light train in sri lanka

The Light Rail Transport project to be restarted in Sri Lanka.

Sri Lanka plans to restart the already suspended the Light Rail Transit project.

Sri Lanka’s Foreign Affairs Minister Ali Sabry, told Legacy Daily that the island nation welcomes Japanese official development assistance extended to Sri Lanka over the past decades through the Japan International Cooperation Agency, JICA as one of Sri Lanka’s key development partners.

Addressing the same briefing in Colombo was the Minister of Foreign Affairs of Japan Yoko Kamikawa who conveyed Japan’s intention to further support Sri Lanka’s development by swiftly resuming existing yen loan projects.

In July 2023, Sri Lanka’s Cabinet of Ministers gave the green light to decide on a time frame to enter into an agreement with the Japanese mission in Colombo on reactivating the discussions on the proposed Light Railway Transit (LRT) project.

In April 2023, Sri Lanka’s Ministry of Urban Development and Housing said it has called for a report from an expert committee for the re-implementation of the Colombo Light Rail T

ransit Project that was scrapped by the Gotabaya Rajapaksa administration.

A proposal to re-implement the Colombo Light Rail Transit Project was put forward to the Finance Ministry, and the report has been call for by the National Operation Center.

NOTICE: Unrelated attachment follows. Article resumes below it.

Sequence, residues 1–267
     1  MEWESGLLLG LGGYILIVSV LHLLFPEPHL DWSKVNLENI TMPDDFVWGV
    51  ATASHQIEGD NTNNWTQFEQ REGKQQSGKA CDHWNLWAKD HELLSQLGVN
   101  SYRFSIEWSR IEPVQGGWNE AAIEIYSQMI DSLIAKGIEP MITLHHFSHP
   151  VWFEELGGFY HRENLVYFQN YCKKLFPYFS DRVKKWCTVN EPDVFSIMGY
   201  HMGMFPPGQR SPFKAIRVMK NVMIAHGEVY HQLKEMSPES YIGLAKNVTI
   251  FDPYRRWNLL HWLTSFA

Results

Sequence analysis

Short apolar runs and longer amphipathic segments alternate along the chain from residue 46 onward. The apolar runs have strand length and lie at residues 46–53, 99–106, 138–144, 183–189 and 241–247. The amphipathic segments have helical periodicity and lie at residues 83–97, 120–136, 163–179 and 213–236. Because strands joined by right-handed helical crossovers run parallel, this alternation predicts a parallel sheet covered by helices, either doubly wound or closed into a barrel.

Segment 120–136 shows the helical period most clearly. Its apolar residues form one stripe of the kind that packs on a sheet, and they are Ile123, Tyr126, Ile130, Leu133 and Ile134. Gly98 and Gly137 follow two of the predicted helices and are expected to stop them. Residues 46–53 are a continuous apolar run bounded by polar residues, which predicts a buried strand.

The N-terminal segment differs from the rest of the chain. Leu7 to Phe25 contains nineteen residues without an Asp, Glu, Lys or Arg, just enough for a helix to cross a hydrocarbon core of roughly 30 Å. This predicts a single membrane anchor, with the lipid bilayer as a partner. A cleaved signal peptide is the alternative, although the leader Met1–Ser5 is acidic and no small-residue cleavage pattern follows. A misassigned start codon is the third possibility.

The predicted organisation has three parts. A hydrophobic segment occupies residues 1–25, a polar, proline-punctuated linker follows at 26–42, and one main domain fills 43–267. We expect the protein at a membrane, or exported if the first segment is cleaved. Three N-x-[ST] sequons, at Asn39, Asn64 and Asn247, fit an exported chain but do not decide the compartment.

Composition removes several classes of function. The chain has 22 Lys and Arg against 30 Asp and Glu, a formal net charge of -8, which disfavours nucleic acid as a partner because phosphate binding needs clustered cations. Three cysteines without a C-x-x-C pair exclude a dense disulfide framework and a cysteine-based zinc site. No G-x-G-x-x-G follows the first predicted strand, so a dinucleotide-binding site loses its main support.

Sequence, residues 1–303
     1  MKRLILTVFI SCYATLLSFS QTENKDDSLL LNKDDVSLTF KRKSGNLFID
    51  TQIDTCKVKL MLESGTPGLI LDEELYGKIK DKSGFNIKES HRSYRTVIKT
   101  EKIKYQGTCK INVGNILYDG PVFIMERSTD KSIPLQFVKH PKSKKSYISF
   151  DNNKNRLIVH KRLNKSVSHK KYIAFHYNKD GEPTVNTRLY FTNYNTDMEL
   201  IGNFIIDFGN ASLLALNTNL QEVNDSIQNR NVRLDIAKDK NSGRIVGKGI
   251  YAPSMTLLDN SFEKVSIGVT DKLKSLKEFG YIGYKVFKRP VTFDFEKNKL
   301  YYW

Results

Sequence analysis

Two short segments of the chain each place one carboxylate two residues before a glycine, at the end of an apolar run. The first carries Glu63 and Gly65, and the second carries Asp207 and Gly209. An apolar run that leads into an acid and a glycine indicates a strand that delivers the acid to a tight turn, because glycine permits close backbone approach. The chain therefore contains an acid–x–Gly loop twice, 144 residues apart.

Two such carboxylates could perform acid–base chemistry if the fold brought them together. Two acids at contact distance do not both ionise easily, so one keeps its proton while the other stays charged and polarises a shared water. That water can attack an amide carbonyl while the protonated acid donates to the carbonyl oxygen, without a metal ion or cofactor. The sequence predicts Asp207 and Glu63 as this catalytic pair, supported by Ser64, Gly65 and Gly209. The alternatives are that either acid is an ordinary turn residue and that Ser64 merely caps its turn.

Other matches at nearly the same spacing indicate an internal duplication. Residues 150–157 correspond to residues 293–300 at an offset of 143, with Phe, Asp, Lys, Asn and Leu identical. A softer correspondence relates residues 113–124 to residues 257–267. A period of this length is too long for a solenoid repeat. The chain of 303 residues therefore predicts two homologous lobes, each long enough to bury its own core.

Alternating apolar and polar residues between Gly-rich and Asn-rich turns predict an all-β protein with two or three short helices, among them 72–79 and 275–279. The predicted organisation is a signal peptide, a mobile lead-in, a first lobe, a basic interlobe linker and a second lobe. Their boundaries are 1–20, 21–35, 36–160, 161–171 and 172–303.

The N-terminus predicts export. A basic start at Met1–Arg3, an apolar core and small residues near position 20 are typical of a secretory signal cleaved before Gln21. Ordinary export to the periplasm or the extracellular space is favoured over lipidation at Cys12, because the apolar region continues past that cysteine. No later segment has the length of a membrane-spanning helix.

The Colombo light rail transit (LRT) project is the first of its kind to be developed in Colombo, the capital city of Sri Lanka.

In 2019, the Government of Japan agreed to grant loan assistance of USD 1,800 million for the Light Rail Transit System (LRT) project as a solution for the traffic congestion on Colombo city and suburbs.

The LRT System was designed to construct a 17 km long elevated rail track including 16 stations to cover important and major intersections from Malabe to Colombo Fort.

When Gotabaya Rajapaksa was elected to power, he ordered the immediate termination of a Japan-funded light rail transit (LRT) project.

A special audit report by the Auditor General of Sri Lanka revealed that this decision alone cost the country Rs. 5.978 Billion.

The project was suspended following a letter issued by the then-Secretary to the President on the 21st of September 2020, citing that the project was not the appropriate cost-effective transport solution.

The Japan International Cooperation Agency had provided the facility of paying the said loan during a period of 40 years including a grace period of 12 years and the annual interest rate thereon was 0.1 per cent.

A special audit report by the Auditor General of Sri Lanka revealed that the decision to terminate the project without any proper study led to an uneconomic expenditure of Rs. 5.978 Billion that was already spent on the project.

It said that the Government of Sri Lanka had decided to unilaterally terminate the Japanese-funded Light Railway project with no alternative solutions.